The Josefov district is the smallest official area of Prague. Until 1850, Josefov was called the Jewish Town, and before that, this area was referred to as the Jewish Ghetto. Today, it is a preserved complex of significant Jewish buildings and monuments of European importance.
The original Jewish Ghetto was condemned to “sanitation” as a poor district at the end of the 19th century. Only a few buildings remain from the ghetto, including the Jewish Town Hall, the Old Jewish Cemetery, and six synagogues: Klaus, Maisel, Pinkas, Staronova (where you can find out more about the legend of Golem in Prague), Spanish, and High Synagogue.
Walk across the Charles Bridge
Charles Bridge is such an amazing tourist attraction that people still ask whether it’s free to enter! And yes, it is!
The construction of Charles Bridge was so expensive that a bridge toll was paid until 1816, but after that, it was the only bridge in Prague where you didn’t need to pay a toll.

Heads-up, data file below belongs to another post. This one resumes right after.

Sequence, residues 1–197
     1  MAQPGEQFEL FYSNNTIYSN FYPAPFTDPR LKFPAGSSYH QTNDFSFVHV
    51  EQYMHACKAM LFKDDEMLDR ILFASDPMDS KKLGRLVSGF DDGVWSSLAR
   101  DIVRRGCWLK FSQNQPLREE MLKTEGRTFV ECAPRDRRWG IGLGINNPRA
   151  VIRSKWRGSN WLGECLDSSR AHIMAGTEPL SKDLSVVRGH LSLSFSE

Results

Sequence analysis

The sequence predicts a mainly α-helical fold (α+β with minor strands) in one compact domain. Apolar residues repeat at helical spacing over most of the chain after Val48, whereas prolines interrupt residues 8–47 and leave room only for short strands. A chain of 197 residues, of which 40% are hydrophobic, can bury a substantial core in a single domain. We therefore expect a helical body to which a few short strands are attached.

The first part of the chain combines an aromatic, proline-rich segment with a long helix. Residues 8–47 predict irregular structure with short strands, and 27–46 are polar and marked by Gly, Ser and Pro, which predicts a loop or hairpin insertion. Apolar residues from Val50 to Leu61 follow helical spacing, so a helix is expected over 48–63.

You can visit any time, but if you want to see the bridge without people, you need to get up early in the morning and arrive before everyone else. Charles Bridge is very magical in the morning and you can practically feel the history as you walk across it.
Visit the Prague parks for a walk, rest or a picnic
Prague is one of the greenest cities in the world and we are lucky that we have parks, gardens and green spaces not just around the city, but in the centre too.
There are only 3 gardens and 3 botanical gardens that I can think of that you need to pay to enter and the majority of the gardens and parks are open free all year round.
Take a photo of Charles Bridge
When I was recently writing my blog post about Charles Bridge, I realised that despite walking across practically every day, I didn’t have a half- decent photo! So, I set myself a task to find out the best places you can take photos of Charles Bridge and put them all in a little guide for you.
Side note – even if you are not bothered about taking photos of Charles Bridge, my guide will take you to places around the bridge which are slightly hidden and it’s a good circular walk to do.
Visit the John Lennon Wall & The area around
The John Lennon wall is accessible any time of the day and it’s free for everyone to see. Come early in the morning for the best photo without too many people. If you are visiting during the day, have a look behind the wall.
You will find a quiet garden with a hidden art gallery where you can buy modern art or just sit in front to have time to take everything in. The whole area belongs to the order of Maltese knights and I always find it’s such a contrast to the John Lennon wall on the outside.